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Senate Republican leader says still aiming for long-term government funding bill

Reuters US Politics - Tue, 04/25/2017 - 14:34
WASHINGTON (Reuters) - The top Republican in the U.S. Senate said on Tuesday he hoped to reach agreement "in the next few days" on a bill to fund the government through Sept. 30, saying it was too soon to talk about a short-term fix to avert a government shutdown at midnight on Friday.

Government Fuel-Economy Standards: A Big Mistake

LibertarianInstitute - Tue, 04/25/2017 - 14:34

My latest article for the American Institute for Economic Research is “Government Fuel-Economy Standards: A Big Mistake.”

The post Government Fuel-Economy Standards: A Big Mistake appeared first on The Libertarian Institute.

Government Fuel-Economy Standards: A Big Mistake was first posted on April 25, 2017 at 1:34 pm.

Qaeda-linked group claims Russia metro bombing, say reports

MiddleEasteye - Tue, 04/25/2017 - 14:18
Language Undefined

Fifteen people were killed and two dozen others wounded in the 3 April blast that ripped through an underground train in St Petersburg

Gold prices settle at lowest level in more than 2 weeks

MarketWatch Market Pulse - Tue, 04/25/2017 - 13:46

Gold futures fell Tuesday, with prices settling at their lowest level in more than two weeks as gains in U.S. and European equities dulled investment demand for the precious metal. June gold fell $10.30, or 0.8%, to settle at $1,267.20 an ounce. That was the lowest finish since April 10, according to FactSet data.

Market Pulse Stories are Rapid-fire, short news bursts on stocks and markets as they move. Visit MarketWatch.com for more information on this news.

Iran: Trump’s punching bag

MiddleEasteye - Tue, 04/25/2017 - 13:27

Desperate for a win after several embarrassing fails with fewer than 100 days in office, Trump aggressively targets Iran

Booed in Berlin for praising father, Ivanka Trump says fine-tuning role

Top Reuters News - Tue, 04/25/2017 - 13:21
BERLIN (Reuters) - Ivanka Trump was booed in Berlin on Tuesday when she described her father Donald as a "tremendous champion of supporting families" and said she was still fine-tuning her role as first daughter and informal White House adviser.

Tesla shares up more than 1%, just pennies away from record

MarketWatch Market Pulse - Tue, 04/25/2017 - 13:17

Tesla Inc. shares vied for hitting fresh records on Tuesday. Shares traded as high as $313.17 earlier and were recently hovering around $312.20. Tesla hit a record close of $312.39 on April 10, when it also set an intraday record of $313.73. The company is scheduled to report first-quarter results next Wednesday.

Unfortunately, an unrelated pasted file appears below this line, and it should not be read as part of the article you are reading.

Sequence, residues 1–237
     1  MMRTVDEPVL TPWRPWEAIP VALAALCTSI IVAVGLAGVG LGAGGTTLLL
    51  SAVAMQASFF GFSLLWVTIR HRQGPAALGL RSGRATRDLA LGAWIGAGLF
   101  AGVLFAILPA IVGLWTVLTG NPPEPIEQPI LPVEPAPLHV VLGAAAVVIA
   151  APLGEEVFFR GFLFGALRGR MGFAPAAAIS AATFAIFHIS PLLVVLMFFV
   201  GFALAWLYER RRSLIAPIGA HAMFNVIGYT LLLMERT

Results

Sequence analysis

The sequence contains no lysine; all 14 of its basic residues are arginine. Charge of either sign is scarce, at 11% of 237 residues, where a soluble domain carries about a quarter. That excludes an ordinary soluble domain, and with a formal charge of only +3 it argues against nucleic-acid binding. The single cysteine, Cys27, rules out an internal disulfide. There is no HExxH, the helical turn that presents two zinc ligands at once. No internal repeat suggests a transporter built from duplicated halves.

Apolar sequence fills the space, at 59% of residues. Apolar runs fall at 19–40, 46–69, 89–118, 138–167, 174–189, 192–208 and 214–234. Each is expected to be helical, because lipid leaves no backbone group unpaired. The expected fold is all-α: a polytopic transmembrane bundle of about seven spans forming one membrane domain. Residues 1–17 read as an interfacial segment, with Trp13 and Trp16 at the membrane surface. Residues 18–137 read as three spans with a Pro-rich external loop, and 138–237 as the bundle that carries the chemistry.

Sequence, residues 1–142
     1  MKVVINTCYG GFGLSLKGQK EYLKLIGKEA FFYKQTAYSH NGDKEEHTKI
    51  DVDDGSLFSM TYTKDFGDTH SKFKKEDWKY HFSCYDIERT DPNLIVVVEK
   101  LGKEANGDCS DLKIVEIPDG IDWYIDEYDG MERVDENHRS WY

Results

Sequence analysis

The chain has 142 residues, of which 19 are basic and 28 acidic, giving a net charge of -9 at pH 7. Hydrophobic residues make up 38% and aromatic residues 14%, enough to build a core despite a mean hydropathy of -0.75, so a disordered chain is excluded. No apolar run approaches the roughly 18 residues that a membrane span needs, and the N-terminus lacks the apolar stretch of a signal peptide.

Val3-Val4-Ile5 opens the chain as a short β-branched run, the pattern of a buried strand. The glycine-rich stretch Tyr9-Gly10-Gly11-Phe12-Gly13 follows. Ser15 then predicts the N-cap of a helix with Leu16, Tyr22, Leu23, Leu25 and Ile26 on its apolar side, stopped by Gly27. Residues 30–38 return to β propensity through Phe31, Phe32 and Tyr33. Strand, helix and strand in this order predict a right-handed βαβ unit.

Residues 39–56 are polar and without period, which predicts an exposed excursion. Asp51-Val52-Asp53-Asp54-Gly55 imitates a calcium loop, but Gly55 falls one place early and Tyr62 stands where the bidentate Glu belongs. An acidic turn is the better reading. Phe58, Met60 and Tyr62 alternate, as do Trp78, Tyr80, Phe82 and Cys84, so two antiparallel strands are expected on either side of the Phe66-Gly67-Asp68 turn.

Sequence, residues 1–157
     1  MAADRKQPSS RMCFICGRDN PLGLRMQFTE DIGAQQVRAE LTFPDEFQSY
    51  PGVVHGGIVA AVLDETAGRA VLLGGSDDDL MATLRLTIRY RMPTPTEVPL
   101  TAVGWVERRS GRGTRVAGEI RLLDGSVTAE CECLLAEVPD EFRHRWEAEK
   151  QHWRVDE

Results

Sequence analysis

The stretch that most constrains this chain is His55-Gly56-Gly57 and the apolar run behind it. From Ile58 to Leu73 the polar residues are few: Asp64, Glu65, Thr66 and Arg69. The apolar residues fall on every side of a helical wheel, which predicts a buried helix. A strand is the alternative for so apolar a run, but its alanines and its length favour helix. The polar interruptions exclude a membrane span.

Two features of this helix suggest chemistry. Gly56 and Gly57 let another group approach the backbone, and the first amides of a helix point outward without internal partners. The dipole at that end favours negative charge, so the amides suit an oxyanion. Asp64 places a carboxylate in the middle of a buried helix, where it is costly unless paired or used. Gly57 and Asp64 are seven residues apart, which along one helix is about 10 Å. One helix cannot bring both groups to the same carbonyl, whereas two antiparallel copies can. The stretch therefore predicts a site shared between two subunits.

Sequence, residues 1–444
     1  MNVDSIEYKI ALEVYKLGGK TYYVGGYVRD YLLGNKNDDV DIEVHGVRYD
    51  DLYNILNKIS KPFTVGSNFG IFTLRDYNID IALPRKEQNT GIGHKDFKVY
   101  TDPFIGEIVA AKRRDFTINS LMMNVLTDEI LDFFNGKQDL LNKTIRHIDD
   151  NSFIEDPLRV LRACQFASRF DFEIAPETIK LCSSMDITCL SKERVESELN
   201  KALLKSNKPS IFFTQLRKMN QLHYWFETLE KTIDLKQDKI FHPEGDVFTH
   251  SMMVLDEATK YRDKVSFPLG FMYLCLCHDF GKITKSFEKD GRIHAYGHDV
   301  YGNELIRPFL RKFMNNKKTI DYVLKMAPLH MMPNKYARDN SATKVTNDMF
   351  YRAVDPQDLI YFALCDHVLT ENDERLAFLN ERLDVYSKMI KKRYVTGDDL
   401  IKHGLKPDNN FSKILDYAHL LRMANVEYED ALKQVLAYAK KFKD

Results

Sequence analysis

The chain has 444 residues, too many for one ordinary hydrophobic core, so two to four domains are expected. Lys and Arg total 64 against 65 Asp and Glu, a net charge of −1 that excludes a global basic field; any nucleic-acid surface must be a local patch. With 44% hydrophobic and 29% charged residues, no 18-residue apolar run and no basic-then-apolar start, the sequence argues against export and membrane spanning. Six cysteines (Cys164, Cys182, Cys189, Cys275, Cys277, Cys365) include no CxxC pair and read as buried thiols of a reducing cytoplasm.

Market Pulse Stories are Rapid-fire, short news bursts on stocks and markets as they move. Visit MarketWatch.com for more information on this news.

Ultimate opportunism: The tacit Israeli-Islamic State alliance in Syria

MiddleEasteye - Tue, 04/25/2017 - 12:58

A former defense minister confirms Israeli collaboration with IS in Syria shows just how brutally cynical Israel’s motives and choices can be

Dow, S&P 500 regain grip above 50-day moving average

MarketWatch Market Pulse - Tue, 04/25/2017 - 12:56

A two-day rally for the stock market has helped to propel U.S. equity benchmarks firmly above their 50-day moving average after closing below that level on April 12 for the first time since November. The S&P 500 index was more than 1.2% above its 50-day moving average of 2,360.20 in recent trade, while the Dow Jones Industrial Average was trading about 1.3% above its short-term average of 20,732.67, according to FactSet data. Both benchmarks edged above their short-term averages on Monday, Tuesday's rally has intensified that move. The Dow has gained 460 points, and the S&P 500 has surged about 40 points since Friday's close, as investors fear of global volatility eased following France's first-round election won by Emmanuel Macron, who's strong showing in a Sunday presidential vote helped to assuage fears that two anti-European Union candidates would make the final runoff. Early polls show Macron going into the second and final round of elections with a healthy lead over far-right candidate Marine Le Pen, who has threatened to pull France out of the EU. Better-than-expected earnings on Tuesday and President Donald Trump's promise to deliver the outline of a corporate tax-cut plan on Wednesday also has helped to fuel the recent sharp climb in global equities. Technical analysts tend to use moving averages to help determine an assets short-term or long-term trend. Meanwhile, the Nasdaq Composite Index touched a psychologically significant level, surpassing 6,000 for the first time ever.

Market Pulse Stories are Rapid-fire, short news bursts on stocks and markets as they move. Visit MarketWatch.com for more information on this news.

U.S. government shutdown threat recedes after Trump's wall concession

Top Reuters News - Tue, 04/25/2017 - 12:44
WASHINGTON (Reuters) - The threat of a U.S. government shutdown this weekend appeared to recede on Tuesday after President Donald Trump backed away from a demand that Congress include funding for his planned border wall with Mexico in a spending bill.